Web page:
- What if we want to accommodate new interaction techniques that require new preference items? For example, consider the introduction of sign language output by avatars. We would need a new preference item for the speed of the sign language performance, for the preferred avatar, etc. Or for gesture-based input we would need additional preference items that specify a gesture alphabet.
- We need to define a framework that sets the structure of a user profile independent of its vocabulary items.
- The vocabulary (preference items) should be repository-based so that it can be updated on a regular basis.
- The framework (without vocabulary) should be defined in an ISO standard. Also, a process of approval for new vocabulary items for the repository should be specified in a second ISO standard.
- For an efficient development process, properties, structure and approval process can be developed in parallel.
I agree with the need for an extensible set of needs and prefs (n&p). This suggests to me that the structure of the list will be very important. This is why I have always argued for a model that starts with a gross category and then refines it. This means that where systems do not actually have implementations that use the new items, they will at least know where they fit. I recommend the approach we have taken for the ISO Metadata for Learning Resources (MLR) determination of classes etc and use maps that conect n&ps so from the beginning we know what is a refinement of what. That will make it easier in the long run to provide an extensible set.
The second point is that I think when you say repository, Gottfried, we could ask Mitsuharu Nagamori for a version of the schema registry that the Dublin Core community uses. Mitsuharu is familiar with these problems and the registry is already built and tested ....
The third point is that ISO does not work through registries, as I understand - so perhaps we have to think how to do this for the ISO standard. I am proposing an appendix to the MLR that will link the definitions there to the DC terms registry. This may be one way to do it?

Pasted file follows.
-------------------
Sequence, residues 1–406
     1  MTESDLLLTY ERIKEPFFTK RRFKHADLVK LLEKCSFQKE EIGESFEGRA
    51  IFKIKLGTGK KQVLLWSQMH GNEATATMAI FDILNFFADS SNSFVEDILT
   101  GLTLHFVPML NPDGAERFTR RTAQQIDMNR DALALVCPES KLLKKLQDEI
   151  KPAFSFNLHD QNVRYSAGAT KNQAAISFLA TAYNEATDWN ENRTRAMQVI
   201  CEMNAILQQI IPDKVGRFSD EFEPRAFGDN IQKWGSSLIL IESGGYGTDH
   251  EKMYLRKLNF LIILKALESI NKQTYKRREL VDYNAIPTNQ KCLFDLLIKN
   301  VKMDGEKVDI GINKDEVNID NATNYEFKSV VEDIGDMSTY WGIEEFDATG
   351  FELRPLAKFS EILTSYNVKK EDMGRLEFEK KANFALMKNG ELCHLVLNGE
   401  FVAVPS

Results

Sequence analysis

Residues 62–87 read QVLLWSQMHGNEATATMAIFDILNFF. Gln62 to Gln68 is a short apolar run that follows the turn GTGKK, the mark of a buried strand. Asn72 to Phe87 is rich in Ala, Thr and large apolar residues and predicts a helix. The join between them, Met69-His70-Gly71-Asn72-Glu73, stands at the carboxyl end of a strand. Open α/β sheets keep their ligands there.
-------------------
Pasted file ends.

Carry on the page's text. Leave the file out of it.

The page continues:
A flat set of properties (key-value pairs) is most appropriate for practical reasons.
- In most cases, hierarchical constructs of user properties can be approximated by a flat set of properties with URIs as keys.
- See as an example the WURFL properties database for mobile devices. This simple collection of key-value pairs for thousands of mobile devices is a de-facto standard in industry today for the user interface adaptation based on mobile device characteristics. WURFL is regularly updated by a community. http://wurfl.sourceforge.net/
- Many standards in this area have a flat structure, and some use URIs as keys (e.g. Dublin Core, ETSI ES 202 746). This is a pragmatic approach, and allows for core properties and extension properties based on domain names. Also, using URIs as keys allows for formal definition of preference items (and constraints) in RDF. Note that doesn't mean that the preference values need to be coded in RDF.
- The core items will have a commonly defined domain name (namespace) as part of their URI. Third parties such as user groups and vendors can define their own extension items by using a different domain (namespace).
In general, the user properties stored in a user profile should be based on requirements rather than functional descriptions of the user. However, functional descriptions may help to efficiently derive requirements-based properties for the initialization or fine-tuning of user profiles.